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The quiet revolution that is reinventing our workplaces
personMatthew Mezey eventAug 3, 2015

The quiet revolution that is reinventing our workplaces

Fed up with organisational politics and infighting, with people defending their departmental ‘turfs’? A radical change in our workplaces is emerging which might just see much of this consigned to the dustbin of history – and organisations where nobody is ‘unimportant’ will become commonplace.

The current poster-child for this quiet revolution – leading US online retailer Zappos – has been regularly in the news as it experiments with removing traditional managers. Its charismatic CEO, Tony Hsieh, believes that this will liberate staff autonomy and creativity. Hsieh is also one of many who have been influenced by the book Reinventing Organizations, which profiles 12 successful ‘Next Stage’ organisations, and has been making waves internationally since its publication in 2014. All in all, it’s clear that there’s something in the air right now.

Source: Reinventing organizations

The kind of radically fluid organisational structures that once seemed an idealistic anomaly are starting to look like they could in fact be the future for all workplaces. Amazon’s own CEO is said to be keeping a close eye on Zappos – which Amazon now own – to see if their experiment gives them a new edge.

According to Reinventing Organizations author Frederic Laloux, the workplace practices at places like Zappos, tomato processor Morning Star, outdoor clothing designer Patagonia and community nursing network Buurtzorg may not be just the wild expressions of individual mavericks – but the emergence of a consistent new format for business, which seems more effective too. An Ernst & Young study suggests that Buurtzorg’s bureaucracy-free, more human and empathic approach to community nursing could save $49bn were it replicated across the US!

He also found – to his surprise – that the 12 organisations he researched in his book – ranging from 90 staff (and 20 dogs) to 40,000 staff – were usually characteristed by three commons features:

  • Self-management (not traditional command-and-control hierarchies)
  • Wholeness (bringing your full self to work)
  • Evolutionary purpose (listening in, to serve a higher organizational purpose)

And “the result seemed to be extraordinarily vibrant, powerful and soulful organizations”, Laloux says.

“What got me really excited was when I started noticing that these different organizations that operate in very different industries and geographies had often stumbled upon almost identical practices, even though they didn’t know of each other”, he added.

Zappos’ Tony Hsieh isn’t the only person fired up by Laloux’s vision in Reinventing Organizations: 100 eager volunteers around the globe – inspired by the book – have come together for a wikithon to create a wiki of all these ‘Next Stage’ processes, so organisations everywhere can get a head-start when they seek to make the transformation.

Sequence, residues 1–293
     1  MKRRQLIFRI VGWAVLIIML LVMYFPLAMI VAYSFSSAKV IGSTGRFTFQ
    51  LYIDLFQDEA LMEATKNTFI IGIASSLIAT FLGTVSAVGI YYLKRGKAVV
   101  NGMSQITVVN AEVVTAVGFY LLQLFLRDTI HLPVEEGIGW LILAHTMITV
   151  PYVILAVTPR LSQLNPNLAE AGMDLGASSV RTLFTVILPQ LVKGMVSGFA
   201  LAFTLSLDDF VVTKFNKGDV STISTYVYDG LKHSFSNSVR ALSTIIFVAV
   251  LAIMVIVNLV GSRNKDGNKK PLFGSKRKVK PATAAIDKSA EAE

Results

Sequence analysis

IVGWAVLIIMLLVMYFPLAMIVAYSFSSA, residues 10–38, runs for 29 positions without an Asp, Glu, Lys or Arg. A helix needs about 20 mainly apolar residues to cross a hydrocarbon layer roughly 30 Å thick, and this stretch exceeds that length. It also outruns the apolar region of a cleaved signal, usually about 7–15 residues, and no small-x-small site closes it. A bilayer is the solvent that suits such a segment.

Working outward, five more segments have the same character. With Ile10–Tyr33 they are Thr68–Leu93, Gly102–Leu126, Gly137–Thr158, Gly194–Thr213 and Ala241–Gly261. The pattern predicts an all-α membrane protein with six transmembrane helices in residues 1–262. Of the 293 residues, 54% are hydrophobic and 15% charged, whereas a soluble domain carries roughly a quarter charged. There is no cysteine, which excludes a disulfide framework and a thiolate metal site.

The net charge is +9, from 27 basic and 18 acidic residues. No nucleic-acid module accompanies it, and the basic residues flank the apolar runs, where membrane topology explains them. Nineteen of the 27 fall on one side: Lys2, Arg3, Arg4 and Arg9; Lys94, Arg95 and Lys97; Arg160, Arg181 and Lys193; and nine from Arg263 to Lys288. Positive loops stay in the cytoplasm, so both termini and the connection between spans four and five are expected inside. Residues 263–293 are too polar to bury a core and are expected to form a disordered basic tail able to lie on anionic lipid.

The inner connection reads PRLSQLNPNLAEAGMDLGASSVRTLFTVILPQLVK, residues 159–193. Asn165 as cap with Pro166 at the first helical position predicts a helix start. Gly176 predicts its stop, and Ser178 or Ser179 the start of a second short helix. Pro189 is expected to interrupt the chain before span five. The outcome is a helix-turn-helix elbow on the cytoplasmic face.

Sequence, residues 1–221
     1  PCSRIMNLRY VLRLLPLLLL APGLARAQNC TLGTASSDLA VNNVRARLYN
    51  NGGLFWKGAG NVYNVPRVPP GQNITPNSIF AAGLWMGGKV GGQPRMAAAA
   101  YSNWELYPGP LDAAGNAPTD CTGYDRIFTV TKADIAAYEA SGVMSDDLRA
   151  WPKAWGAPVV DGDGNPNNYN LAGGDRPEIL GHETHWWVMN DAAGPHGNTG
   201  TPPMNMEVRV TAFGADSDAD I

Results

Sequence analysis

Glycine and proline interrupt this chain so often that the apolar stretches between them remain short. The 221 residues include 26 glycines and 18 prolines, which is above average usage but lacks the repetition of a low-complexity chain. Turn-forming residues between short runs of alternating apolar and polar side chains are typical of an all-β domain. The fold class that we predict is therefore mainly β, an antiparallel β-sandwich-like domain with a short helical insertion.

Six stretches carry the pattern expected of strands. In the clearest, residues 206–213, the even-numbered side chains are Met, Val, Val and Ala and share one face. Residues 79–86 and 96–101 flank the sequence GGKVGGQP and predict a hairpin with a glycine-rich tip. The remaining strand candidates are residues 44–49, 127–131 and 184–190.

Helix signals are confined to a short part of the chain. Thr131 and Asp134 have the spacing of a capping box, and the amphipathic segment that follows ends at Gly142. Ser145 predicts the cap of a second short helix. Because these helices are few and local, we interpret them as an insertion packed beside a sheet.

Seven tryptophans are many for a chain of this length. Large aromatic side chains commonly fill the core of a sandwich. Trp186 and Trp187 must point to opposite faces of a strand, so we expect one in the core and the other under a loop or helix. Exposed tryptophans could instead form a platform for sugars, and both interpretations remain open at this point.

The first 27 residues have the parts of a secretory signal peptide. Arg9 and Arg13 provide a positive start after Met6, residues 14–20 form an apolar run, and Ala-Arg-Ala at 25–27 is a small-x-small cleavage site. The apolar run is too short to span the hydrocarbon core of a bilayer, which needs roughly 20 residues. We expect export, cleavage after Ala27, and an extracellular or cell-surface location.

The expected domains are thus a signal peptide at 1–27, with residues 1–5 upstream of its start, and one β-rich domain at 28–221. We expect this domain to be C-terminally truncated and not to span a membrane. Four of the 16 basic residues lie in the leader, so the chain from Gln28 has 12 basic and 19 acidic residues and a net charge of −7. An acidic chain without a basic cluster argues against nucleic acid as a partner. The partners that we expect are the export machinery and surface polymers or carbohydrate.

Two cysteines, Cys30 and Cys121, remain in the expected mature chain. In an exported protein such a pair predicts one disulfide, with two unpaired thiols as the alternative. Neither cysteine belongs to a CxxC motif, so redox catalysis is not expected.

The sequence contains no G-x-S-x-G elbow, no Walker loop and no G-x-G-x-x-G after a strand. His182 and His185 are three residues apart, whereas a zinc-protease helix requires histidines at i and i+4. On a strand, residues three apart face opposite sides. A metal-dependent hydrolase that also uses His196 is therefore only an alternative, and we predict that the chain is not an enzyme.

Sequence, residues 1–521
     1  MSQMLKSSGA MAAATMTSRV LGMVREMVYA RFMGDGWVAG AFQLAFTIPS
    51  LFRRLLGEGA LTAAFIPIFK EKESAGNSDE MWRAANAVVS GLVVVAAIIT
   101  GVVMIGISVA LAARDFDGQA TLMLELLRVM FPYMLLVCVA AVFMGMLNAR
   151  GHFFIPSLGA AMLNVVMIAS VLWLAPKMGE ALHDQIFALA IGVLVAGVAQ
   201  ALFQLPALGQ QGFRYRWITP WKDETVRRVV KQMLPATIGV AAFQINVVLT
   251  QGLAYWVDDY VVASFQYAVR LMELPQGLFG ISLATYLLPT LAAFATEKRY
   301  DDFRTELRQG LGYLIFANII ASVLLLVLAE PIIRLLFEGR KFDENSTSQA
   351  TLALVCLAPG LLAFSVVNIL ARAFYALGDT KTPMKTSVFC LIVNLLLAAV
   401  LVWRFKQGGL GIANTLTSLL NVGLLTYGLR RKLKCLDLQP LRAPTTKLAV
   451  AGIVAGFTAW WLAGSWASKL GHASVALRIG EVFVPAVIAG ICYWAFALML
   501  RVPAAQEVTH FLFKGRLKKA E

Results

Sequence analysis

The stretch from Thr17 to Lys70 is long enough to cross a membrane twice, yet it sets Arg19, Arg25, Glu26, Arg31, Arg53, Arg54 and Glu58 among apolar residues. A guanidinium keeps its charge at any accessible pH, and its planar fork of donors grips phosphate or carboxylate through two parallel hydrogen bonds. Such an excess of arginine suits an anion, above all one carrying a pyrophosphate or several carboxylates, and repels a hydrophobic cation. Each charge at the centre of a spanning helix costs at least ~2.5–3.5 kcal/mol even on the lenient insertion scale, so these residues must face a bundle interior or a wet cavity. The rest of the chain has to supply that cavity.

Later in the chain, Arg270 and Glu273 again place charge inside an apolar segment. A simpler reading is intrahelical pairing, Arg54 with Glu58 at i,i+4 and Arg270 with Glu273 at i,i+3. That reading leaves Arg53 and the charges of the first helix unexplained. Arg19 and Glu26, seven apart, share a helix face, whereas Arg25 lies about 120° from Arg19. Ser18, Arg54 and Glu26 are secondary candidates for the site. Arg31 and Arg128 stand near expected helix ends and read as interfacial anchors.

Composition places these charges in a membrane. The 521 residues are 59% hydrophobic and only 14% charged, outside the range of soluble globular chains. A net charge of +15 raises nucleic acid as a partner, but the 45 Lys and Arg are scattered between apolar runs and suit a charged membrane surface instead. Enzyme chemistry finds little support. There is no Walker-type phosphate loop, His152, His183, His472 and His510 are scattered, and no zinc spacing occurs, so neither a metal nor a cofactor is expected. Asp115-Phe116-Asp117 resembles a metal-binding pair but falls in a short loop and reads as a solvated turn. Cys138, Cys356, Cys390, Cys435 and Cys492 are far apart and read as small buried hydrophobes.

These new self-managed organisations often find a need for a fuller and more collaborative use of blogs, intranets and suchlike to co-ordinate their new more fluid structure. Self-managing teams need all information to be available, to make the best decisions – otherwise informal hierarchies re-emerge when some people are in the know, and others are not, Laloux explains. To avoid this, ‘Next Stage’ organisations make the intranet the central repository.

Source: Reinventing organizations

At Buurtzorg, every nurse has an iPad and is a member of online communities. Founder Jos de Blok blogs regularly.

A particular structure for self-management known as Holacracy is being used at Zappos. It relies on software called GlassFrog for tasks such as running effective tactical meetings and keeping track of the 10 or 20 ‘Roles’ that every member of staff could easily have, instead of a fixed job title. The rules of the Holacracy ‘operating system’ are laid out in its constitution document, was recently put on to GitHub and given a creative commons licence meaning that anyone can now create their own derivatives and use it for commercial gain – as long as it is released under the same licence, not made proprietary.

Does all this represent more than just another cyclical management fad? It looks like we will all be able to see for ourselves, pretty soon…

About the author
Matthew Mezey
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Matthew is a Social Media expert with a focus on digital outreach and engagement. He also focuses - as both a practitioner and a researcher - on the changes in organisational culture, structure and leadership that can create the most effective social media-enabled organisations. He is co-founder of the cutting-edge newsletter/website 'Enlivening Edge - news from Next Stage organisations'​ and co-author of 'AntiHero - the hidden revolution in leadership & change' (RSA/Clore).

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